Alaska By Land – Denali Part II

We saw five grizzly bears from the shuttle bus on the way towards our unit.

Grizzly, Caribou carcass, Ravens!

Grizzly, Caribou carcass, Ravens!

Grizzly, devouring soap berries

Grizzly in the distance devouring soap berries

Two bears!

Two bears!

Luckily, viewed from shuttle

Too close! (View from the safety of the shuttle bus.)

Intimidating, much? We prepared for such encounters as best we could before setting off into the backcountry.

Hiking in Denali has a few requirements. Contrary to Pacific Northwest training to walk single file along trails, Denali hikers are to spread out, preventing new trails and minimizing impact. Hiking alone is not recommended. And when in areas with limited visibility, make noise. Talk loudly, sing, or call out, “Hey bear!” at regular intervals, so as not to startle any bears. No kidding. This tactic gives wildlife a heads-up of your approach so they’ll (presumably) scatter.

That last tip is probably the worst for birding. But, determined to survive (*and* see birds), we tromped through the thick, brushy alder, and repeatedly announced “Hey bear!,” spoke loudly, and sang silly songs like “99 Bottles of Bears,” “Alphabet-booze-bear-bird,” or anything else we could come up with. It’s a fun challenge to see where the mind goes when you’re hiking for miles over tundra, tired, and talking non-stop.

Despite the singing, I found a few new birds!

I feel pretty lucky to have glimpsed this Arctic Warbler, that was “solitary, secretive, and skulking” in vegetation. Phylloscopus borealis, Greek origin, Phyllon – leaf, scopio – seek, appropriately “spends much of it’s time feeding in the leafy canopies of trees.”  Amazingly, this little bird breeds in North America (Alaska), then migrates across the Bering Strait to winter in Asia.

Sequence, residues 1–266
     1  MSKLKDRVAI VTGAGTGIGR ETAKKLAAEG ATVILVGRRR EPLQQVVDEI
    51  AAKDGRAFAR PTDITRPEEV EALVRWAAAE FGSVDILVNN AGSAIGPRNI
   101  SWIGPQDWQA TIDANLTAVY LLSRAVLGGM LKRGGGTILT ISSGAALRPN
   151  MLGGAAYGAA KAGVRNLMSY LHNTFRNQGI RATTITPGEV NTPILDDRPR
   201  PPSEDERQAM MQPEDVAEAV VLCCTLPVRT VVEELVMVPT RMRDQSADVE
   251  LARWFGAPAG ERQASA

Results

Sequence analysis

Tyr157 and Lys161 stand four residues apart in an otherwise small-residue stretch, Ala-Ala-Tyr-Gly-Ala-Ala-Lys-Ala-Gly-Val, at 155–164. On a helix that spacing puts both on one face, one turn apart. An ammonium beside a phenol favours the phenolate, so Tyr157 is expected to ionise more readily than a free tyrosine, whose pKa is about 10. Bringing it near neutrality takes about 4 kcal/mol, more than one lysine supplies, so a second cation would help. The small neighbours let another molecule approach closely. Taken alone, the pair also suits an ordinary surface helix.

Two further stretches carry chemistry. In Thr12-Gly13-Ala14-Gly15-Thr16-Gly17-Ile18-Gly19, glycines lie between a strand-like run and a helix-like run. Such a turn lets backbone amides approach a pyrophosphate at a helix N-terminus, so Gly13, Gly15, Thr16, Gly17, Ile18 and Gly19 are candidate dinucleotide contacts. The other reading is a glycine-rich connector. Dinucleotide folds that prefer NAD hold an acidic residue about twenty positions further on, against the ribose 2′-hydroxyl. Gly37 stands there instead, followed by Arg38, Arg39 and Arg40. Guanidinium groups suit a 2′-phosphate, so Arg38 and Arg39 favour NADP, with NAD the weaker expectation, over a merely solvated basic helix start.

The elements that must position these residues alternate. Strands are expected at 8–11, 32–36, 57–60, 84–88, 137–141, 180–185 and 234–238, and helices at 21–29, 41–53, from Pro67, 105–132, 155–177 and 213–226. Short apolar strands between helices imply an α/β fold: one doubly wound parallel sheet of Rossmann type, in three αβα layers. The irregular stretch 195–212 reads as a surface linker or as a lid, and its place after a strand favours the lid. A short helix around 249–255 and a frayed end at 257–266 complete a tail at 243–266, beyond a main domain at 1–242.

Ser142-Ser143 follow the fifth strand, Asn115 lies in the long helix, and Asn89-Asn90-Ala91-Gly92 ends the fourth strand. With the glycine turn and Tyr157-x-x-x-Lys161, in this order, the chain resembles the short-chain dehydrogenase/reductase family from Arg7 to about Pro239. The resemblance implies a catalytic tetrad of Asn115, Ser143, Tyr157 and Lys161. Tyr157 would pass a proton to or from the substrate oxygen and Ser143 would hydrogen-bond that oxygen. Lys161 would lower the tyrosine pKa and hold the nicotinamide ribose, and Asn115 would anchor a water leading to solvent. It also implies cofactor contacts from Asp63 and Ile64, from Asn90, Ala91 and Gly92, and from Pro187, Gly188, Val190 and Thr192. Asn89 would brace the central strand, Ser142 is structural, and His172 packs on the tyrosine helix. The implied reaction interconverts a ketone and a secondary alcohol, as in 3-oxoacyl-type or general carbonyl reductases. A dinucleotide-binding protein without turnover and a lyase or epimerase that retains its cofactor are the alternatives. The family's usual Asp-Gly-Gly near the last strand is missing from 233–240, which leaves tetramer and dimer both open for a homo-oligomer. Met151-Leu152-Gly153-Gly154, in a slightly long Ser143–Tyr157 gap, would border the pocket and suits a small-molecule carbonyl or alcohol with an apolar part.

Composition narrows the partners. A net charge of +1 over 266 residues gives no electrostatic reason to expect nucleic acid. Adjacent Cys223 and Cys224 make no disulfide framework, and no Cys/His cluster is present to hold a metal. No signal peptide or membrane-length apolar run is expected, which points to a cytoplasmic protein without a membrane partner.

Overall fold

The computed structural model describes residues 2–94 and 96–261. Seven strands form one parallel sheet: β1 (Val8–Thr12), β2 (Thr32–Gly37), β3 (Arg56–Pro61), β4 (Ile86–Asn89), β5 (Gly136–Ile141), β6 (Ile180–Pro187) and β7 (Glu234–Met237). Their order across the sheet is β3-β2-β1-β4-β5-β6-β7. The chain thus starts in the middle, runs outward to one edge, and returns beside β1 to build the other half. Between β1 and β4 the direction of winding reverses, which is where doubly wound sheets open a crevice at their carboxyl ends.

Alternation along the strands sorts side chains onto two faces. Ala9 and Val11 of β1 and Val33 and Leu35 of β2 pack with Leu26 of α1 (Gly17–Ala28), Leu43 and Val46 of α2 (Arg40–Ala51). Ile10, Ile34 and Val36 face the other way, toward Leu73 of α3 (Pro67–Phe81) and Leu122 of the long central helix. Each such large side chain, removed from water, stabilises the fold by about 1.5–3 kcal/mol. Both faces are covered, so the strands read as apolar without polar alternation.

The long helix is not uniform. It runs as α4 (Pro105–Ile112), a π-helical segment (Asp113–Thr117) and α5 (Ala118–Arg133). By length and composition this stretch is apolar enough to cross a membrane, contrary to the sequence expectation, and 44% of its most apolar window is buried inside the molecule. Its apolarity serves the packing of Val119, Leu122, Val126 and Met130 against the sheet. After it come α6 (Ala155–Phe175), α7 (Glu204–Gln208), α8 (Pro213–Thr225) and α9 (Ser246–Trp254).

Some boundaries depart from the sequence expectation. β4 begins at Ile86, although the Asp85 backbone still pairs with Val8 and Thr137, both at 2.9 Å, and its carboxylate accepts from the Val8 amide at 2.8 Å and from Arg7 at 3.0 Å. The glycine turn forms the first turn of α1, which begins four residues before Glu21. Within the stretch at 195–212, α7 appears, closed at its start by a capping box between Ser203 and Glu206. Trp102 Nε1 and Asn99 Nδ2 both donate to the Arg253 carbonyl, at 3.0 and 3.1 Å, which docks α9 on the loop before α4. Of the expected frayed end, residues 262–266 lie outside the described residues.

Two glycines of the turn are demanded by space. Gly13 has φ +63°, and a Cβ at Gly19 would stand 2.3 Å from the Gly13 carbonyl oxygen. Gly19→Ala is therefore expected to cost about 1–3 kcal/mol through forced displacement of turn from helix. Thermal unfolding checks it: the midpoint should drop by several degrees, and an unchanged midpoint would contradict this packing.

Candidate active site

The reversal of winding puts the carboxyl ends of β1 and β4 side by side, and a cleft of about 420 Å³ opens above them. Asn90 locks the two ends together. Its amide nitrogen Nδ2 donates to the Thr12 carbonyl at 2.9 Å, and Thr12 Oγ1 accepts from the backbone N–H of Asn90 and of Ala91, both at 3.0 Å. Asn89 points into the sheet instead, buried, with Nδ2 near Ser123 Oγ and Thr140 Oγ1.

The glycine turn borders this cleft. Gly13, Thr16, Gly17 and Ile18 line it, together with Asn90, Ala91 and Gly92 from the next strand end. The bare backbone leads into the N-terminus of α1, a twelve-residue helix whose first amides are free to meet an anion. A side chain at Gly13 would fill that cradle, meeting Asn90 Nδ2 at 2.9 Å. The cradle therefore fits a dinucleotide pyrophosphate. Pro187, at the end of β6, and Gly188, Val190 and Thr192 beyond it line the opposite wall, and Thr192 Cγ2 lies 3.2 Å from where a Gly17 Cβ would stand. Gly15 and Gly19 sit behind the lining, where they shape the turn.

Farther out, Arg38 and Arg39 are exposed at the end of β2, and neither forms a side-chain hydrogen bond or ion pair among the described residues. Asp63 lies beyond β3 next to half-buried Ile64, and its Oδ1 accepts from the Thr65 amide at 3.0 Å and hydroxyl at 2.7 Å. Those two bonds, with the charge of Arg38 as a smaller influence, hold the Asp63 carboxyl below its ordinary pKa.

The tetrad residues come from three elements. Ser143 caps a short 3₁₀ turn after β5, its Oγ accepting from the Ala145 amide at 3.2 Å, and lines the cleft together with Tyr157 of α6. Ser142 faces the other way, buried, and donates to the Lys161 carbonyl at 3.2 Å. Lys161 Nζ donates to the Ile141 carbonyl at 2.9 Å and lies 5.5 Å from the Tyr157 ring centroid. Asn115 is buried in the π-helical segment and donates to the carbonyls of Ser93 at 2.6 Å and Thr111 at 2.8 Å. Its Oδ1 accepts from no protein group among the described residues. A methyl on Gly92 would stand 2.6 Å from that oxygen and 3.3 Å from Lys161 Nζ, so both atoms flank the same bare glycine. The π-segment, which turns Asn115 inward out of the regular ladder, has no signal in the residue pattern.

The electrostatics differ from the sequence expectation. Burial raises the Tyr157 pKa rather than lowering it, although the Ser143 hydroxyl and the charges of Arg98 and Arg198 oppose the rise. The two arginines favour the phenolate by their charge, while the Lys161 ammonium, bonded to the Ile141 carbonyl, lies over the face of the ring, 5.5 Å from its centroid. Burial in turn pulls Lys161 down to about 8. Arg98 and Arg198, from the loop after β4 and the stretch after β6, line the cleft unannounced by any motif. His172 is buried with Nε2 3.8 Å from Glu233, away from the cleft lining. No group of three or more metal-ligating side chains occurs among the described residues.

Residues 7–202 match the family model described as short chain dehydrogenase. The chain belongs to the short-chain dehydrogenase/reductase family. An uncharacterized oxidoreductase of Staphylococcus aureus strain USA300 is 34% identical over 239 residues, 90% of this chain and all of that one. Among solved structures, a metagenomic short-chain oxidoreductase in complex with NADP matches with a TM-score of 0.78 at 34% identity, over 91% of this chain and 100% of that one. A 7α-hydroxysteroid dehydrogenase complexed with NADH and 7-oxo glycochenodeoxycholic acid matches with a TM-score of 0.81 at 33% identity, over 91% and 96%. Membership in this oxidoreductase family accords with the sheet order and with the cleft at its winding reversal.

Arctic Warbler

Another great find was this Northern WaterthrushParkesia noveboracensis – Latinized form of “Parkes’s” (named after the ornithologist, Kenneth Carroll Parkes) and “New York.” The Northern Waterthrush is a ground dweller that walks rather than hops, bobs its tail rapidly, and is a similar species to the Louisiana Waterthrush.

Northern Waterthrush

We saw what is sometimes called the “snowbird” in Alaska, the Dark-eyed Junco- Slate-colored model! (and juvenile below).

Dark-eyed Junco, Slate-colored

Dark-eyed Junco (Slate-colored), juvenile

Other birds found in Denali backcountry:

American Pipit, a species I once saw by the Columbia River near home, flocked along the Alaskan riverbars.

American Pipit

American Pipit

Gray Jays. Gregarious. And everywhere.

Gray Jay

Olive-sided Flycatcher. I totally recognized it.

Olive-sided Flycatcher

Orange-crowned Warblers. Totally didn’t recognize them.

Orange-crowned Warbler

Orange-crowned Warbler

Nor did I recognize this Yellow Warbler, since it was wearing it’s “first-year buffy/brown” outfit. So tricky.

Yellow Warbler

Savannah Sparrow. 

Savannah Sparrow

Wilson’s Warbler (female).

Wilson's Warbler

And, everyone’s favorite, Yellow-rumped Warbler. 

Yellow-rumped Warbler

And because these pictures turned out the best, more yellow-rumped beauty.

Denali backcountry is amazing. I’m in love with the park for keeping it simple. There aren’t millions of RVs, cars, and people obscuring the view. We saw no signs of humans in the backcountry aside from footprints. It’s wild and beautiful (as national parks should be). Bears, snow, remote, and birds? It’s all worth it, keep exploring.

Grizzly prints

Hey bear!

Tweets and chirps,

Audrey

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